Inpatient detox programs may be somewhat similar to those found in an outpatient setting, but care takes place with the additional supervision afforded by the inpatient environment. In contrast to their outpatient counterparts, inpatient facilities have patients reside at the treatment center rather than going home in the evenings. An inpatient or residential detox stay may cost $200 to $900 per day depending on the length of the program and amenities offered at the facility.5
One of the main advantages to this type of treatment program is that patients are removed from the temptations and old habits of prior drug and alcohol use. This can help decrease the likelihood of relapse prior to treatment completion. Another benefit is the enhanced access to medical services, should they be needed. Those at risk of severe and/or dangerous withdrawal symptoms and drug cravings may benefit most from an drug and alcohol inpatient detox center.
Outpatient Detox Programs
Some outpatient programs provide detox treatment services at a medical facility during the day and allow patients to return home each night. Such detox services may cost between $100 and $500 per treatment session, though this price can vary by the length and frequency of treatment.5 Outpatient detox may be most suitable for people with relatively recent or less severe addictions, those with good support systems at home, and individuals with no other complicating medical or psychological issues.4
Outpatient treatment may be most useful for those patients with little risk of experiencing severe withdrawal so they will not need intensive 24-hour care. Additional advantages may include great social support outside of treatment by maintaining contact with friends and family; maintaining employment, school, or other personal and professional duties; and more flexibility during treatment.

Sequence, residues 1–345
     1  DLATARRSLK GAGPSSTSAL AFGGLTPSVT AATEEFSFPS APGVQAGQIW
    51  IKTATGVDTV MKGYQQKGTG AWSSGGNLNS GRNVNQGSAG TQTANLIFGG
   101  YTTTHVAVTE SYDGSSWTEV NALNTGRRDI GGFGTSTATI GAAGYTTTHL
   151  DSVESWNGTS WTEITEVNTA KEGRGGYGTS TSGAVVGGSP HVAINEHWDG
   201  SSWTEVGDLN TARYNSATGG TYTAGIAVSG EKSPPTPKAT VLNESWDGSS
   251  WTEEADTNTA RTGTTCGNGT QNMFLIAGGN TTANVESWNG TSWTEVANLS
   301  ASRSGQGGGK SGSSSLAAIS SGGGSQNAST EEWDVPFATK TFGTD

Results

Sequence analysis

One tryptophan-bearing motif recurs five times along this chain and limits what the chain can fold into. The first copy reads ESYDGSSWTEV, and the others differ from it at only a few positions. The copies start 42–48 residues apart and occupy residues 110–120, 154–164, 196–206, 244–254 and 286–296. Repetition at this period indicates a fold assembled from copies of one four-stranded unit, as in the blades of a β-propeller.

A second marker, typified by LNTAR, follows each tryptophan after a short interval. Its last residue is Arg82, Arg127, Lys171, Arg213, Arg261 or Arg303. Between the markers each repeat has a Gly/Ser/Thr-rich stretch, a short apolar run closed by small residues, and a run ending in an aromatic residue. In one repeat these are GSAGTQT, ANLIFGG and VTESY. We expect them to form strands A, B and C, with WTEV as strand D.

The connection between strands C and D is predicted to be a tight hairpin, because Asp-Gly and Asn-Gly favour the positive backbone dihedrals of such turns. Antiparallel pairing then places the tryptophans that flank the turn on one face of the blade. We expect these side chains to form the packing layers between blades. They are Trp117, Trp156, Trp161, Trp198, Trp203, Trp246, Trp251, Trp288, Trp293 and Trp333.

Alcohol is Most-Treated Substance in Addiction Detox Programs
Alcohol, or ethanol, is one of the most abused drugs among people in addiction treatment, as reported by a 2017 survey from Recovery Brands. The survey found that nearly 70% of people in recovery underwent treatment for a drinking problem, and a surprising 52.87% of those who responded sought treatment for alcohol abuse more than for any other substance. Regardless of how many abused substances exist, alcohol is the most pervasive. View Large Graph
Can I Detox from Alcohol or Drugs at Home?
Some common questions among those who want to find the quickest, easiest way to recovery are: “Is it possible to go through drug detox at home?” or “how to detox from drugs at home”.
The short answer is “yes,” it’s possible. But there are three reasons it’s not always the wisest choice:
- It may not be safe.
- It doesn’t always work.
- Professional detox, in many cases, is safer, more comfortable and effective.
When a person builds up a physical dependence upon a drug or alcohol, their body comes to expect that they’ll continually maintain a certain supply of the substance in their bloodstream. Their body adjusts its production of certain chemicals accordingly. Should the person abruptly stop supplying that substance, withdrawal symptoms will begin. Depending upon the drug, the existence of underlying medical conditions (of which the person might not even be aware), the dose they’re taking when they discontinue the drug, and other drugs the person uses regularly, the detox experience can be medically dangerous, even deadly.
At-home drug detox kits claim to help you through the process on your own, but they are not an advisable option for many reasons, not the least of which is, they are often ineffective and would leave you unsupervised if something were to go wrong.
The better choice is to talk to medical and mental health professionals about your detox and withdrawal program options.
Social and Inpatient Medical Detox Centers